Any words to the aspiring?
("Just to relay Jim's. It's wonderful, trying to be the best possible artist, but don't cloister yourself into a technological corner. Go out there and enjoy the entire human world- parties, business lunches, beaches in the sun. You'll be a lot better for it . . . a more complete creator.")
And what does Jim Danforth him self have to say about Mike Jittlov? ("Mike Jittlov is an artist who enriches the lives of those who see his films by giving them a glimpse into the world of his unique genuis. I am pleased to be his friend.")
An unlikely hero. Makes short films that upstage the industry's best efforts for a thousandth the cost. If he needs something special, he builds it. ("Couldn't make films without my Swiss Army Knife.") Wears blue jeans, plain white T-shirt, and a strange green jacket. ("Easy on the soul.") If this man's four feature films are even half as powerful as what he's already done, the world's audiences will never be the same . . . (Snap-crackle-phaBOOM)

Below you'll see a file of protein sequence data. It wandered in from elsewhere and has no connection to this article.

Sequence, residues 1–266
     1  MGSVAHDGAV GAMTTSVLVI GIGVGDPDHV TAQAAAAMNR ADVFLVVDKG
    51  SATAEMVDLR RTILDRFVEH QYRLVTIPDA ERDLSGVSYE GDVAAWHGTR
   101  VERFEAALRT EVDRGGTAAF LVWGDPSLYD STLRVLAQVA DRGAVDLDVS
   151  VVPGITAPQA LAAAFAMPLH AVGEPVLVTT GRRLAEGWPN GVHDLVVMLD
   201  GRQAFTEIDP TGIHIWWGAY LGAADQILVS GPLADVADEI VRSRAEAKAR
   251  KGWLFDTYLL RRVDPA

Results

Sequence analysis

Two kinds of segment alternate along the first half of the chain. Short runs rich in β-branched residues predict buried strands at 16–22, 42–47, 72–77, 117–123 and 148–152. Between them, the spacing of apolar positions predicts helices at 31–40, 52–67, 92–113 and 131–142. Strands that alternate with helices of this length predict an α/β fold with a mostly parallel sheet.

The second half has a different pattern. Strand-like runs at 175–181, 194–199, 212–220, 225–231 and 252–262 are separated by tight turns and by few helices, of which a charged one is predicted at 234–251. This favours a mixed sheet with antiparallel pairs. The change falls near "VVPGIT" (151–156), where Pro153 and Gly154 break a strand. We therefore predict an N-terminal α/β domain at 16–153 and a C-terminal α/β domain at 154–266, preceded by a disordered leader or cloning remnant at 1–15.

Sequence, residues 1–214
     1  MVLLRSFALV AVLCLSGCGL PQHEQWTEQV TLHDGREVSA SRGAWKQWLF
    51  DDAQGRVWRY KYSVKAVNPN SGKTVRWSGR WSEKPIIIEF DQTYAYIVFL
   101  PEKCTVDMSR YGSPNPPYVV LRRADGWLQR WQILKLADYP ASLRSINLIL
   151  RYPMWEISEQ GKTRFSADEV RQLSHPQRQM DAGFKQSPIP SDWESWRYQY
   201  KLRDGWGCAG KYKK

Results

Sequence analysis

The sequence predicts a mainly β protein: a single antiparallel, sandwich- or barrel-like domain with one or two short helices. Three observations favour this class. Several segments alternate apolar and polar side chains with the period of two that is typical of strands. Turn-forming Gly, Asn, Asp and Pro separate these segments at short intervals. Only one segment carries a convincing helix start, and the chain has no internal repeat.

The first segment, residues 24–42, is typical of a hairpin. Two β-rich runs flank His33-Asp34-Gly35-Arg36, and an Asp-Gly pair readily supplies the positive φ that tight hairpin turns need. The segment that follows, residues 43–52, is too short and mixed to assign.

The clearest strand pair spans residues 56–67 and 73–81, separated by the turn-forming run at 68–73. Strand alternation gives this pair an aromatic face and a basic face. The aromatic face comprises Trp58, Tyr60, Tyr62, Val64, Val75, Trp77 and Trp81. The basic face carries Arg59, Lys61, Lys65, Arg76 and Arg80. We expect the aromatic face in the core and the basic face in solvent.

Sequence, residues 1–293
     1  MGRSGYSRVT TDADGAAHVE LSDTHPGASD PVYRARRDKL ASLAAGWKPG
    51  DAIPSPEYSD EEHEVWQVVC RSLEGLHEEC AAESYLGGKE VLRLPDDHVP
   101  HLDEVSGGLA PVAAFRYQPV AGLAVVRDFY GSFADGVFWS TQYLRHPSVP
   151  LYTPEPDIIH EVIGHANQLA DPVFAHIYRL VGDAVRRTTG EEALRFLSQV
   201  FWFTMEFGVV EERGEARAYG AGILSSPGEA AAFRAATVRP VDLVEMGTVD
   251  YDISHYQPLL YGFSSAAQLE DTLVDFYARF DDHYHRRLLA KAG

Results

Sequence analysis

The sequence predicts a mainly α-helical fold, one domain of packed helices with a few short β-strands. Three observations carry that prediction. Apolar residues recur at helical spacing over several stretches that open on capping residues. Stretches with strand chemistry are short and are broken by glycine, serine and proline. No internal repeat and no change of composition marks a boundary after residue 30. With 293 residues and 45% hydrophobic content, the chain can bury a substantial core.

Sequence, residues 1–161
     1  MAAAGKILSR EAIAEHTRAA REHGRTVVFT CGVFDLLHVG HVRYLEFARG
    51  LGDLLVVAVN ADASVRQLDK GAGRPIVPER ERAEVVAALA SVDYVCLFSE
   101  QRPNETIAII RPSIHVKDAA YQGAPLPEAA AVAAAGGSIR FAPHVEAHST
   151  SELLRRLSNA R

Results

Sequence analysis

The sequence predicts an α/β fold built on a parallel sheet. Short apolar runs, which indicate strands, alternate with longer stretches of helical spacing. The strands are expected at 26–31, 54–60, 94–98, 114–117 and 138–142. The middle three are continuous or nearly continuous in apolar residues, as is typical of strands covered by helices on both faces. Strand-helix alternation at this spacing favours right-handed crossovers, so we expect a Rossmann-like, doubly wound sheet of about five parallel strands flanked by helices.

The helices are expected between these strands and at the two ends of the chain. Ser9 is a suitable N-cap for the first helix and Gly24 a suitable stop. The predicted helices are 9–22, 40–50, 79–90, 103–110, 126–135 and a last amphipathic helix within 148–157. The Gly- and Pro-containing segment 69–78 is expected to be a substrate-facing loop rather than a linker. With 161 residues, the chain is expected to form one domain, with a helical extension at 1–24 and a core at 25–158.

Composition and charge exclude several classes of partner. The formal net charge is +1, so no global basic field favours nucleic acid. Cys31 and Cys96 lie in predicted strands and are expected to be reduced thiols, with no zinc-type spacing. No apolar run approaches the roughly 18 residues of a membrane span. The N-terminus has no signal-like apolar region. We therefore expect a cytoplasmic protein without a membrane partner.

Operator!! What's that sound?!!
("Sir, we can't hear you! Someone in a green jacket is flying up at the moon. ")